Should You Buy Gold Now?

Email Print
FacebookTwitterShare

What was the SEC doing…?

But first, what the stock market and the economy are doing…

In the past two days, the price of gold has shot up more than $40. It’s now near $1,000 an ounce.

Why? We don’t know. Rumors, talk, noise…there’s plenty of that. But as for why investors are suddenly putting so much money into gold, we’ll have to wait to find out.

But should you buy gold now? The answer is simple: yes and no.

The Trade of the Decade is still buy gold/sell stocks. And the decade isn’t over. If you have US stocks, this is a good time to sell. The Dow went up 63 points yesterday — a weak bounce after several days of losses.

This is no time to hold stocks — for the reasons we outlined yesterday.

But gold? Should you buy gold and hope to get rich when gold shoots up to $3,000 an ounce? A bad idea, in our opinion. You should buy gold to protect your assets. The risk is in the paper money…because they can create as much of it as they please. And they’re under pressure now to create a lot. You buy gold as insurance against inflation, a dollar bust, a bear market in stocks and bonds, or a financial crisis. Gold is nature’s money. It is better than manmade money. Because, with gold, what you have is what you’ve got. They can’t artificially depreciate it or easily increase the quantity of it. That’s why the feds don’t like it. It won’t support their cause du jour — whether it is a war, a bailout, stimulus, health care, or whatever. Gold doesn’t cooperate with the financial engineers. That’s why it’s a good thing to hold when you think the financial engineers are making a mistake.

But our view is that while the engineers are making a mistake, they’re not very good at it even when they’re making a mistake they’re good at. Typically, they’re pretty good at causing inflation. But now the credit bubble is deflating, not inflating. It will take them a few years before they become reckless enough to move prices up again. And then, they’ll probably overshoot their objectives considerably.

In the meantime, there’s no inflation to speak of…no dollar crisis…no bond bust. So we wouldn’t expect the price of gold to soar…not just yet. That’s the big surprise — that this period of deflation will last longer than expected. Then, when it begins to seem permanent, inflation will suddenly come roaring back.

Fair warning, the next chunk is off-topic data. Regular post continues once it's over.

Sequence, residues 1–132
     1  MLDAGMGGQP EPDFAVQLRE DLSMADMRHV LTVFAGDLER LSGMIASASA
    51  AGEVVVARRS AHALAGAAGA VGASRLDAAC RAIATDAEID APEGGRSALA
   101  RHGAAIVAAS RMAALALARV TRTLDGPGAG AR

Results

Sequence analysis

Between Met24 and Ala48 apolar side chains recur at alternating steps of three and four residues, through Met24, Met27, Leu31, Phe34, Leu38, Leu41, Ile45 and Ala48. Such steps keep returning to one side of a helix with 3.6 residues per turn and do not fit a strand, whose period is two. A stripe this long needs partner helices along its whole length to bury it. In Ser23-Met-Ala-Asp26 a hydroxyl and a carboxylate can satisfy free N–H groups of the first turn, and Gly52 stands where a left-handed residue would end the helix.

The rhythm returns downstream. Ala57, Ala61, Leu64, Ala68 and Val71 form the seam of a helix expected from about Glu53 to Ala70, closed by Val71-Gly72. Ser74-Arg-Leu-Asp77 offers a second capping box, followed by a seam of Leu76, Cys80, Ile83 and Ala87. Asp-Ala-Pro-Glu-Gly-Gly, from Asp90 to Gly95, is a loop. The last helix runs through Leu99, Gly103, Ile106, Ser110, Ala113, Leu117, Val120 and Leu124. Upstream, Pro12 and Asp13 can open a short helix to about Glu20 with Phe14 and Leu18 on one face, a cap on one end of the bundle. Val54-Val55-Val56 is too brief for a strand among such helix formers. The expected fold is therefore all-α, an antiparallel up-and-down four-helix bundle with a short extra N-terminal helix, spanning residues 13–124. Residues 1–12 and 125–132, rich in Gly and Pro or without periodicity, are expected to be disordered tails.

By then, most investors will have given up on gold…especially those who were speculating on it going to $3,000. It will go to $3,000, but only after speculators have dropped their positions.

So far, everything is happening just as we expected. After more than half a century of boom, we are now in a bust. People need to downsize…cut back…and live a little less large than they had in the boom years. That means…well…just what you’d expect.

Wasn’t it just yesterday that we reported that Florida was losing population? People just aren’t retiring like used to. Here’s comes the evidence:

From The New York Times comes this headline: "Older US Workers Put Retirement on Hold."

The Times tells us that older people are continuing to work because they don’t have a choice. They can’t afford to retire. So they hold onto jobs, which is another reason it’s so hard for the unemployed to find a job. Those who have them aren’t giving them up. A Bloomberg report today, for example, tells us that more people are applying for job benefits than expected. Another tells us that millions of people are running out of benefits before they find a job.

Just what you’d expect, in other words. Here are some of the other things we expected:

1. Unemployment is still rising.

"Investors discouraged by US jobs report," says a headline at the International Herald Tribune. To make a long story short, August was a disappointment. More jobs were lost than expected.

We don’t know how many jobs we should expect to lose. But we’re in the downhill part of the credit cycle; we’re bound to lose a lot of them.

2. Sales are falling.

That’s another thing we would expect. People have to cut back. So…they do cut back. Sales go down. That means fewer sales and fewer jobs. No point in making things, shipping them and retailing them if no one is buying them, right?

3. What else would you expect? Lower house prices? Check. Higher savings rates? Check. More bankruptcies? Check. Falling prices? Check.

Isn’t it nice when things work out "as they should"? Check.

Bill Bonner [send him mail] is the author, with Addison Wiggin, of Financial Reckoning Day: Surviving the Soft Depression of The 21st Century and Empire of Debt: The Rise Of An Epic Financial Crisis and the co-author with Lila Rajiva of Mobs, Messiahs and Markets (Wiley, 2007).

The Best of Bill Bonner

Email Print
FacebookTwitterShare
  • LRC Blog

  • Podcasts